As a pastor, i’ve been asking myself, “What is the calling of the church in this moment?” as we re-emerge from a year of sheltering in place and of bearing witness to the brutality of economic disparities and state-sanctioned violence. We cannot go back to normal, since normal is what got us here. Our calling is to the transformation of ourselves, our congregations and our world. In this effort, we need new articulations of our theology and of our political ethic as Mennonites.
Such resources can be found in Liberating the Politics of Jesus: Renewing Peace Theology Through the Wisdom of Women. An anthology authored entirely by women, it centers the voices of those on the margins. The writers de-center interpretations of Jesus that deny his lived experience as a marginalized person. They de-center a peace theology overly focused on war and militarism. They re-center the politics of Jesus in the midst of unjust power imbalances that cause systemic racism, sexism and economic exploitation.
The vision for this project originated with Elizabeth Soto Albrecht, a former moderator of Mennonite Church USA, who edited the book along with Darryl W. Stephens. Soto Albrecht wanted to bring together women to articulate how the church embodies the politics of Jesus today. The focus is not on the theology of John Howard Yoder, writer of The Politics of Jesus, an influential work of theology. But the writers address Yoder’s sexual abuse and how to be accountable in the work of healing.
from biblical scholarship to theological reflection to lived experience and prophetic vision, this collection is a fierce and tenderhearted call to followers of Jesus. As suffering in our world has amplified due to the pandemic, and the rich get even richer, Soto Albrecht reminds us that suffering is a political problem. It is the result of oppressive systems, or sin, that allow for abusive realities, like Amazon workers forced to work long hours with inadequate protective gear and then denied sick leave.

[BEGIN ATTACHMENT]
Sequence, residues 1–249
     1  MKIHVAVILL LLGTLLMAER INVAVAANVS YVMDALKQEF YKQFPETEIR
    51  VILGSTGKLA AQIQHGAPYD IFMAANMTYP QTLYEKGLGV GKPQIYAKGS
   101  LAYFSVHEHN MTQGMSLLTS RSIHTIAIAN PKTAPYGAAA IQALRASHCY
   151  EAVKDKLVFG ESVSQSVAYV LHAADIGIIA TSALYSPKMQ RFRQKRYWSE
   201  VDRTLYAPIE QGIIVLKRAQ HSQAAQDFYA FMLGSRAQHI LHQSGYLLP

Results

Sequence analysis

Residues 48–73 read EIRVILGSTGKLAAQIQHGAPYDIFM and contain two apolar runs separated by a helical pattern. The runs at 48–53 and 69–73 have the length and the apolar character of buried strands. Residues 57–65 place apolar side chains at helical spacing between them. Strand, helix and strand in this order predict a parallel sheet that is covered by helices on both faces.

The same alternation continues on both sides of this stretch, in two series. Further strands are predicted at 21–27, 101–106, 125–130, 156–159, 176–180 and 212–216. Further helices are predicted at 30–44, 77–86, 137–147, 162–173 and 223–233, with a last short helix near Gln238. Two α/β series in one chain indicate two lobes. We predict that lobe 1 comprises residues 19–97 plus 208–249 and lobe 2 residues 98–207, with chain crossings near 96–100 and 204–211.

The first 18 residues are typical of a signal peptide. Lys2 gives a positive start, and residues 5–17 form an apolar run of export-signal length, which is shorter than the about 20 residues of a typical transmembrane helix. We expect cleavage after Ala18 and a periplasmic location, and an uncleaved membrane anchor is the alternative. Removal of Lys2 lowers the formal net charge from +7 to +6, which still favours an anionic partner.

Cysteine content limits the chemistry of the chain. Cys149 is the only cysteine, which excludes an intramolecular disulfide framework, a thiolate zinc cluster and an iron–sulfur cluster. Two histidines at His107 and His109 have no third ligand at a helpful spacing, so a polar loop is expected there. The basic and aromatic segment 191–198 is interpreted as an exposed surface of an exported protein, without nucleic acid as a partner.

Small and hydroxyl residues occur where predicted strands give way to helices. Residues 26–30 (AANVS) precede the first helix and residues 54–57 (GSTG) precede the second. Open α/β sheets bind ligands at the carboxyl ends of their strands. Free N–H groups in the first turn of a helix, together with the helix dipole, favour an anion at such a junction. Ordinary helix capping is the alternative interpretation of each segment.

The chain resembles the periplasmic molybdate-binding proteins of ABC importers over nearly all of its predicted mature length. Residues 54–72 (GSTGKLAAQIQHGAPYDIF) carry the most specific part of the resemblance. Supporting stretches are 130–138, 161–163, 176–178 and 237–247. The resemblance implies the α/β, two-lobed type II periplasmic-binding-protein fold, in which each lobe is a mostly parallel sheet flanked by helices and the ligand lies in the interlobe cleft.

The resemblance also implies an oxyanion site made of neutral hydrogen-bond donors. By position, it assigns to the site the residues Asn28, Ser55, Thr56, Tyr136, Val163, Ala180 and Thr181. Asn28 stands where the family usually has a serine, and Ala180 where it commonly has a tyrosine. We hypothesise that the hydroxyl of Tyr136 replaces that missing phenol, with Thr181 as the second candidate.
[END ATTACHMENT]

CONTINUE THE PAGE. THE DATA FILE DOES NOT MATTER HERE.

If suffering is a political problem, then our response must be political. The authors call readers to solidarity with those who suffer, making the case that that’s where we encounter God.
Rather than a God who inflicts suffering as punishment or sends Jesus as a sacrifice, God is one who suffers with us. Jesus is murdered on the cross because of the life he lived — heralding release for the captives, recovery of sight for the blind, liberation for the oppressed and economic redistribution. In her chapter, “Salvation for the Sinned Against,” Linda Gehman Peachey writes: “We are not saved by suffering but rather through God’s solidarity and presence with us in creative resistance to the powers of evil that exploit and enslave us.”
Hilary scarsella articulates this creative resistance as political solidarity with survivors of sexual abuse. Her chapter offers the theological framework desperately needed as survivors bravely come forward and church institutions grapple, and often fail, in their response. Scarsella urges readers to respond to the testimony of survivors with all the political urgency and support we would offer to Jesus.
To these ends, in “Repairing the Moral Canopy After Institutional Betrayal,” Sara Wenger Shenk, retired president of Anabaptist Mennonite Biblical Seminary, weaves together her personal narrative with the institutional story of taking responsibility for Yoder’s abuses. She notes the transformation that took place as she and other leaders listened to the victims of sexual violence, confessed institutional complicity and publicly apologized for the harm. “What happened was not perfect,” she writes “nor did it bring full closure, but there was an acknowledged catharsis. . . . Through such acts, the moral canopy begins to be repaired.”
Regina Shands Stoltzfus reflects on the truth-telling that is needed for Mennonites and other Christians to transform the systemic roots of racism. After giving an overview of the origins of the Black church tradition, she offers a history of Mennonite urban missions and the complexities of creating multiracial churches in the midst of denominational and societal racism. The call is to be diverse churches that hold the powerful accountable, ask difficult questions and stand together in uncomfortable spaces. As a peace church, she says, “narratives of racialized violence must be reckoned with if we take seriously the assault on Black bodies as antithetical to God’s vision and call to God’s people of shalom.”
The authors of this anthology speak with the moral authority we need to meet the challenges and possibilities of this transformative moment.
Joanna Lawrence Shenk is associate pastor at First Mennonite Church of San Francisco.